I love going to Conventions.
Above all else, I am a fan. My favorite gaming experiences have been at games where I am part of a universe I really enjoy, like Firefly LARPs (Yes, this mythical creature exists!).
One of my favorite films is Galaxy Quest because it is an interaction between the fans and the actors and we get to see conventions from the actors’ side of the production. Of the many stories I have enjoyed hearing throughout the years, I loved hearing how a hotel waiter caught Patrick Stewart watching old episodes of TNG at 3 in the morning “because it wasn’t an infomercial” and Stewart trying to ham-handedly explain that he wasn’t just living out the old days (This was two days after Days of future Past had wrapped).
It was also the same panel where this famous speech responded to Heather Skye.
I do a lot of my work because I am a fan. I have worked as a content producer. I have run LARPs. I have talked with agents. I have discussed why nudity is not a costume with men and women. I have interrupted panels and been threatened by guests for doing my job. I’ve helped solve problems and known several top Con Men by first name (and George is still my “go-to” mentor). I have ejected attendees and enjoyed doing it. I have gotten money with actors and have even high-fived Bulk and Skull( and the lowest of twos).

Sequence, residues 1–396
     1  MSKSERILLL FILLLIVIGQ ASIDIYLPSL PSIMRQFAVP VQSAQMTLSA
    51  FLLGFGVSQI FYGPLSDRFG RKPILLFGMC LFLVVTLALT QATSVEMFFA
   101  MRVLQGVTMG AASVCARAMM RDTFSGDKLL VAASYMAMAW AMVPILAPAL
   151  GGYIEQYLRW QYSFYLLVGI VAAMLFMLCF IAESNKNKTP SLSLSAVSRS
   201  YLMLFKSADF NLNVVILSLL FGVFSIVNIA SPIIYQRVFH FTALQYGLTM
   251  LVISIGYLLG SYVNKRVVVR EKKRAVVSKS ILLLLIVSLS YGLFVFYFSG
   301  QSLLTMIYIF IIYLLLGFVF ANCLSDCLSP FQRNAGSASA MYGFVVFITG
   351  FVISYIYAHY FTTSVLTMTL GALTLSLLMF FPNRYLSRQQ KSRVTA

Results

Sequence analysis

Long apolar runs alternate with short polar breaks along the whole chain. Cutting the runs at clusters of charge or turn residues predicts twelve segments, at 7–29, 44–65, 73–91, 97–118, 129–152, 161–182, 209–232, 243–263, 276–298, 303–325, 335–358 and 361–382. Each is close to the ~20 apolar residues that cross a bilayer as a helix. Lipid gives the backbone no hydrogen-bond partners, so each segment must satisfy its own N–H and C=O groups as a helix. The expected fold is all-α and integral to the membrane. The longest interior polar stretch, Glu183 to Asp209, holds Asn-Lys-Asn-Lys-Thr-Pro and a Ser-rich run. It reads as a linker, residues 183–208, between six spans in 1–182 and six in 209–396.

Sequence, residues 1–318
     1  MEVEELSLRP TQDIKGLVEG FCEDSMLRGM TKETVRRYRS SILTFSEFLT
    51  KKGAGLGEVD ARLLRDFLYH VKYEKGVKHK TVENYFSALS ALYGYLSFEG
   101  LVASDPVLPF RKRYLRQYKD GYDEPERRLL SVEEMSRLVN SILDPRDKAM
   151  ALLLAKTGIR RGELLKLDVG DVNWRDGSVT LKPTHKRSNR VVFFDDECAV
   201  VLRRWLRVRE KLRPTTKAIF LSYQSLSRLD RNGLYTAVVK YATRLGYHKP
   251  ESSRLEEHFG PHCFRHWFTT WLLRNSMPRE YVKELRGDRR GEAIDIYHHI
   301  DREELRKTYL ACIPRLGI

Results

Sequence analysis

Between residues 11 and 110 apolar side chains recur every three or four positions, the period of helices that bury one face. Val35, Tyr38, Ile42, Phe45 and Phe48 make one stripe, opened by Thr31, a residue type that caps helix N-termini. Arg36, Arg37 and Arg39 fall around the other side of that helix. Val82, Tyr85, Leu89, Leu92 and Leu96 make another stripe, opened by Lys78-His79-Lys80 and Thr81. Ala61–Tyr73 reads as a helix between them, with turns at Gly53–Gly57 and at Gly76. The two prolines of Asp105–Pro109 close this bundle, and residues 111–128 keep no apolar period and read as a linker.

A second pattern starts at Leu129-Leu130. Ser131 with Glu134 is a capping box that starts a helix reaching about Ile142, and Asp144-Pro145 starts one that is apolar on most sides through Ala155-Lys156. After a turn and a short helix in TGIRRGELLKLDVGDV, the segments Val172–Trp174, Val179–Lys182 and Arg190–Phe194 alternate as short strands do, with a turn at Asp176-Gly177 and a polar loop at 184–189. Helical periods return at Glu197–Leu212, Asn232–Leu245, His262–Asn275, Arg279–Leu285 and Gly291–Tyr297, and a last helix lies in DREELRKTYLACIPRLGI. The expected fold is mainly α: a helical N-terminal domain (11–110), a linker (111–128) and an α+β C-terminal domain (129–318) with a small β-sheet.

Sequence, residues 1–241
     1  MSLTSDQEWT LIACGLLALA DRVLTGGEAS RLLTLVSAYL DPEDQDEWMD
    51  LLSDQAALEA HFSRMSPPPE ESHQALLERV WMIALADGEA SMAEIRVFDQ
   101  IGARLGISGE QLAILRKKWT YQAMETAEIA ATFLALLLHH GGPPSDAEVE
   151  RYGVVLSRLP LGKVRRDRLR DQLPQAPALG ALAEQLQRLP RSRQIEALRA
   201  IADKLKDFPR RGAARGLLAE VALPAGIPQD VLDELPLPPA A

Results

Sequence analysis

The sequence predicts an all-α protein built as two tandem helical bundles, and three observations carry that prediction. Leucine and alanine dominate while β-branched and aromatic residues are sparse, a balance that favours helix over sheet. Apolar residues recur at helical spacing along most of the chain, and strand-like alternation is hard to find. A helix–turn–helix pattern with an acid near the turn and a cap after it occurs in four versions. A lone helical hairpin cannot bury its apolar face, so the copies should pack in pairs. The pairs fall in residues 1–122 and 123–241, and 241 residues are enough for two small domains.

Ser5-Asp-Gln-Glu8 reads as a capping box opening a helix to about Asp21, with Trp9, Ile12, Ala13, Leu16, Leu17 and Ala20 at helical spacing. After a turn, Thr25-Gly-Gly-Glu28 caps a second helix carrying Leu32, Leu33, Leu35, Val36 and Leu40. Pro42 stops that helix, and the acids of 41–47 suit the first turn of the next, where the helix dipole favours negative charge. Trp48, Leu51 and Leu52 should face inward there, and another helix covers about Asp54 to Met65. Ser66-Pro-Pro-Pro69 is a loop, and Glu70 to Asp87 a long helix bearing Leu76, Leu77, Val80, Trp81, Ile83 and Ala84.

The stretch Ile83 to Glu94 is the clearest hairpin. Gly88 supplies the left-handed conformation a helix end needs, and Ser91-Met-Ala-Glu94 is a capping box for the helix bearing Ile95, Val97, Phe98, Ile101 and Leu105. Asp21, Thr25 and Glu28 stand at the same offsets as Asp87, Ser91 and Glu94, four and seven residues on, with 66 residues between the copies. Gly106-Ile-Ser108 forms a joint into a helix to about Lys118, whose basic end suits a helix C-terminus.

Like Gomez Addams, I have seen terrors and nightmares on both sides of the curtain. So any time I get to enjoy a film about the reasons I am slowly losing my hair is a chance for me to see how my “on-camera” days look on the portable HD screen. I am not a fan of me so much as I am a fan of seeing others get to be fans. Like Chiwetel Ejiofor in Serenity, I sometimes hate me for making the convention a better place.
Do not get me wrong. I love working with most famous guests. While there are exceptions, at a convention, most actors are really just caught up in the process of lots of different crews dragging them around like museum pieces. Yes, there are the divas. But despite the exceptions, most are just being told to “be here”, “be there”, and are given requirements by staff who aren’t talking to each other and coordinating well. I
f we include the personal convention handlers who are really meeting the actor for the first time with a preset list of times and schedules (Gods help the actor who tries to go long!) and are very Eichman-esque in their handling, and we throw in the security staff who think they are the secret service and have their own requirements for guests so they can keep the celebrity safe (Lose the codewords, guys…we all know who you mean when you say “Willowtree”), and let’s not forget the times when the booking company or the studio sends a representative along for media relations, an actor can lose his mind with all of those folks demanding “this needs to be covered” but “don’t touch that.”